It would be easier to drive it, but my wife is a very timid driver....
That little focus probably has less than 3,000 miles on it now and it was bought last year...
She drives it a few miles to work and thats it...

Probably cost about $225 in gasoline or less to drive it their

But then again...if I could get a family memeber to come out for a visit...

Hmm..that might be a good way to do it...

I dont need the car right away...
Link Posted: 12/29/2005 10:21:58 AM EDT
There is actually a difference in the tire used by tow dollies. They used old-fashoined bias-ply tires because of the sidewall strength. Since the car I was towing failry light, I used regular car tires, and I'm sure the little Focus would be just fine as well.
Link Posted: 12/29/2005 10:27:52 AM EDT

Originally Posted By pv74:

Originally Posted By Bubblehead597:
Are you certain the military will not move her car to your next duty station (assuming here you are under pcs orders)? Would they not let you move it to Korea or was that by choice?

Anyway to answer your question, I would go with the auto trailer and save all wear and tear on the car. Your pcs orders I think, would cover most, if not all the cost....



Nope...they will not...

They will only cover the cost of my household goods from Omaha, NE, my last duty station.
I moved my wife to NJ at my own expense. Uncle sam is paying me full BAH for NJ though...
(Disadvantage of a guaranteed follow on assignment)

I dont have a car here in Korea...




Oh, sorry to hear that. That is one of the gouges I remember about overseas moves. I still vote on the trailer.
Link Posted: 12/29/2005 10:29:32 AM EDT
Tow dolleys seem to run $1500 on up...

Seems like a good thing to have in the garage...

Do they need to be registered like a trailer?
Link Posted: 12/29/2005 10:35:42 AM EDT
As was suggested, buy a tow dolly. Check with larger RV dealers. Typically they have several used ones in good condition. Often they'll let them go pretty reasonable.

Sell it when you arrive in ID for a price that is too low for someone to resist. Even if you buy one for $400 & sell it for $250 you are money ahead.

Ebay usually has several listed as well.
Link Posted: 12/29/2005 11:31:18 AM EDT

Probably cost about $225 in gasoline or less to drive it there

That's almost a nonissue since it will probably cost you almost that much more in gas to tow it with the pick-up. With the old work trucks I drove, the mileage was less than half after adding the ladder rack and the trailer.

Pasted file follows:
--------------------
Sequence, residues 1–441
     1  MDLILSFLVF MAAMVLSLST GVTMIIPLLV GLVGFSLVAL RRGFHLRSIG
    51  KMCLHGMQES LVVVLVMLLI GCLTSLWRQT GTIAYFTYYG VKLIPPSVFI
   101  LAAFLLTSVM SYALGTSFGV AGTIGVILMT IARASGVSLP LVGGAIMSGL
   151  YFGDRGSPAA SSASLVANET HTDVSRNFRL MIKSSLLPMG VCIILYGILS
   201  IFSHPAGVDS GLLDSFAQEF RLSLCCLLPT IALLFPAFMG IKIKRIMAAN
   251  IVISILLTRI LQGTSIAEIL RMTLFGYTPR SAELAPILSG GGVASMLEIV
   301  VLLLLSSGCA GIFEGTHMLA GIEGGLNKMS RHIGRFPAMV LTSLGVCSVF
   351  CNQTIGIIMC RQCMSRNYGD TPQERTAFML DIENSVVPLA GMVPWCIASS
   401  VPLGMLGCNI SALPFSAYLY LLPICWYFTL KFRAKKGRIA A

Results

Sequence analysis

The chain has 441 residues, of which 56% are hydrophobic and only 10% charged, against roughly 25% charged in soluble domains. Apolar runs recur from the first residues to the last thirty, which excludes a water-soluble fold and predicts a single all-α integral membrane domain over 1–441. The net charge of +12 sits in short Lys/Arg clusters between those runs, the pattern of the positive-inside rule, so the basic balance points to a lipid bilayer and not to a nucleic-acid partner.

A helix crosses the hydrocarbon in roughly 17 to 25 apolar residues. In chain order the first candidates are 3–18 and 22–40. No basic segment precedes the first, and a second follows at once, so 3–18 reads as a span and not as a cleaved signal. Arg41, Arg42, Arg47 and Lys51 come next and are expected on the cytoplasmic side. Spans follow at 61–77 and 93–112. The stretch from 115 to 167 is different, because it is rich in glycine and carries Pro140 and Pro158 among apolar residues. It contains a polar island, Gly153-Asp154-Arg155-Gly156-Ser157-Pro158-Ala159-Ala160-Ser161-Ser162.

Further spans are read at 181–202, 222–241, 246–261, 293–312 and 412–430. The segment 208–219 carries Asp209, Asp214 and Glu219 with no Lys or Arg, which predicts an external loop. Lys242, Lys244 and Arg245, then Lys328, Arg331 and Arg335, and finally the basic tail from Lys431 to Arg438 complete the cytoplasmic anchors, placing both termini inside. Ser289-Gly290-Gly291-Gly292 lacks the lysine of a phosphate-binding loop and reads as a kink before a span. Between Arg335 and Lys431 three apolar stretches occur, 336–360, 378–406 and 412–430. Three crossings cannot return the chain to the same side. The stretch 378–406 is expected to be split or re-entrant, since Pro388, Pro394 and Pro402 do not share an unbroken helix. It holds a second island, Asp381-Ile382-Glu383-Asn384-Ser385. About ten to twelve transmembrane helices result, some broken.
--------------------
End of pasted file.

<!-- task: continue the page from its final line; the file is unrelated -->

MC_Man, good point about the bias-ply tires. We just had terrible luck with the trailer tires.z
Link Posted: 12/29/2005 2:07:24 PM EDT

Originally Posted By pv74:
Tow dolleys seem to run $1500 on up...

Seems like a good thing to have in the garage...

Do they need to be registered like a trailer?



No, they do not need to be registered. At least not in FL.
Link Posted: 12/29/2005 2:08:37 PM EDT
I dont know the best way but I bet that is the farthest ANY Focus has ever traveled without a breakdown.
Link Posted: 12/29/2005 2:11:30 PM EDT

Originally Posted By pv74:
So I take it the disadvantage of a dolly is lower ground clearance and a tendancy to sway?

That and backing up will be a problem, and tight turns will also be a problem. I would get a trailer if I was to tow a car again
Link Posted: 12/29/2005 2:41:15 PM EDT
Need more info

Is your wife with you or is she in NJ?
Where is your truck?
Where are your household goods?
Are you doing a DITY move, mil move or a combo of both?
Do you plan to haul ass across the countyr or are you making it a vacation?

FUCK U-HAUL FUCK U-HAUL FUCK U-HAUL
FUCK U-HAUL FUCK U-HAUL FUCK U-HAUL
FUCK U-HAUL FUCK U-HAUL FUCK U-HAUL
FUCK U-HAUL FUCK U-HAUL FUCK U-HAUL
FUCK U-HAUL FUCK U-HAUL FUCK U-HAUL

Fuck a bunch of tow dolly noise for 2400 miles.
I did 3 cross PCS country moves after I was married, drove my vehicle to the new duty station, then took a hop or comair back to wife, then rented a truck and did a partial DITY move (guns, tools, motorcycles, HAZMAT, pets).

Used a tow trailer, way more secure, handles better, no wear and tear on the vehicle.
Was worth it in my opinion, and after DITY pay and milage I still made money.

I recommend Penske over any other rental service.


Originally Posted By pv74:
I am going back to the States in April.

I have to move my wife's car (an '05 Ford Focus) from NJ to Mountain Home, ID, a distance of aprox 2400 miles.

I have an '03 F-150 with a tow package...

I could:

Rent a U-haul tow dolly for aprox $400...

Rent a U-haul auto trailer for aprox $850...

Say the hell with it and hire an auto transport service for aprox $1300 on up...


The tow dolly is starting to look attractive... but can I damage my car by using it?
I see RV's towing FWD cars using dollies all the time...

The non-drive wheels would be on the ground, so I dont see how towing it with the front drive wheels off the ground would kill it...

What are the disadvantages of using a dolly?

All the U-haul stuff has stickers syaing do not exceed 45MPH... This does not seem very practical.. In reality, I can do like 65 with it, I hope?


Link Posted: 12/29/2005 3:34:46 PM EDT
[Last Edit: 12/29/2005 3:36:16 PM EDT by DanishM1Garand]
I tow dollyed an Acura Integra with a Jeep Cherokee from Oklahoma to Ohio. The cruise was set at 65 at 70 it swayed a little. It tracked straight and was not even noticable. Buy a dolly on Ebay or one of the RV Forums and repack the bearings. Tow it across the country and resell it for nearly what you paid.

Less than renting a trailer
Link Posted: 12/29/2005 3:40:09 PM EDT
I despise tow dollies. I f I could manage a way to do it, I'd outlaw them. I tow every day, and find them to be unsafe. Many people will disagree, but if you need it towed any kind of distance, trailer it.


Link Posted: 12/29/2005 9:45:44 PM EDT
Trailer would be the safest, but a dolly will work if you keep some things in mind. The biggest thing is that it doesn't have brakes. The only thing stopping or slowing you are the brakes on your truck, they are stopping the motion of two vehicles. That's probably the reason for the speed warning. You will need a lot more stopping distance. Also if you turn to quickly, it's possible that the car can start to skid.
I've towed a Tarus cross country on a dolly, but that was behind a 14' Ryder that. Behind a pickup, I'd much prefer a trailer that has it's own braking system.